If there is a certain amount of confusion in the Supreme Court’s handling of the church-state separation question in various cases, there is even more confusion—and some downright distortion of fact—in Professor Morris’s “The Wall of Separation” (August/September issue).
Professor Morris, in mock perplexity, cites inconsistencies in public policy and asks “what we are to make” of a government which, while “being scrupulously careful to keep God out of the Constitution,” nevertheless employs chaplains to pronounce invocations and has “established a tradition by which each incoming President must take an oath of office on the Bible.…” As this reputable historian should know, no incoming President “must” take an oath of office on the Bible, any more than an incoming President “must” be a man. What is prescribed by the Constitution is an “Oath or Affirmation.” All our Presidents have taken the oath—and all our Presidents have been men—but it is wrong to say that the President or Vice-Président “must” be a man. The recent election campaign, with its Mondale-Ferraro ticket on the Democratic side, made more vivid the prospect of having a woman in the Oval Office some day soon. Before long we may see a campaign in which the prospect of an atheist in the Oval Office, a practicing Quaker, or some other kind of oath-refuser may also become more vivid.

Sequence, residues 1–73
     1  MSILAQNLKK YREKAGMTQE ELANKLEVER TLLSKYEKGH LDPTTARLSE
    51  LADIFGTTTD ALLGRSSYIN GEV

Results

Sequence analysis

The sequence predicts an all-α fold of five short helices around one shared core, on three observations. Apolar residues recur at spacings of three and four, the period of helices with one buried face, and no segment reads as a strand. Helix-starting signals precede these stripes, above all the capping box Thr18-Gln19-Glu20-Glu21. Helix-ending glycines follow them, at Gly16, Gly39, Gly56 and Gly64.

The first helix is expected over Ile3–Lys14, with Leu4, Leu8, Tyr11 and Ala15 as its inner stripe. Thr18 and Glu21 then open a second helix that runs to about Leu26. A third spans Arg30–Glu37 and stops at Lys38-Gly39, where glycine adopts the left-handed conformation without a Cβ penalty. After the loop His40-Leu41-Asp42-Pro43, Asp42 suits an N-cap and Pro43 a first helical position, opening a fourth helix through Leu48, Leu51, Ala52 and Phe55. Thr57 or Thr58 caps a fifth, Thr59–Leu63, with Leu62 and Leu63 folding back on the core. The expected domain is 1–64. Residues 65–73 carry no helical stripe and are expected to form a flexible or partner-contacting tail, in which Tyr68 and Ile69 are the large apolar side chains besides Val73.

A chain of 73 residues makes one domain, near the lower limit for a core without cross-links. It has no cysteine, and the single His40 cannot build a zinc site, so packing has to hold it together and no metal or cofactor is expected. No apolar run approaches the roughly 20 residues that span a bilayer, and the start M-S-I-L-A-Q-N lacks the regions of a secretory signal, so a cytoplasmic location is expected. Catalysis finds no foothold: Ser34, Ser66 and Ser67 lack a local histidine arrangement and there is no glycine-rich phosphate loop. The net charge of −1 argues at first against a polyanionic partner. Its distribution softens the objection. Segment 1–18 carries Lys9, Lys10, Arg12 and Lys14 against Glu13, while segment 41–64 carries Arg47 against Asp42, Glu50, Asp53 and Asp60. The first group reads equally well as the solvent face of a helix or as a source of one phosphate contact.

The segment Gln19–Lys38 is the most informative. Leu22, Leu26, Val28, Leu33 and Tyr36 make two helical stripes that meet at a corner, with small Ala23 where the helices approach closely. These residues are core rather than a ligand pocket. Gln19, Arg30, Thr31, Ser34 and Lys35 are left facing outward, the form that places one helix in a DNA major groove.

The Founding Fathers, in choosing to make the oath optional, were making a revolutionary departure from the practice of previous governments around the world. To cite the oath (and ignore the affirmation) provision as a precedent for government support of religion is to turn American history on its head.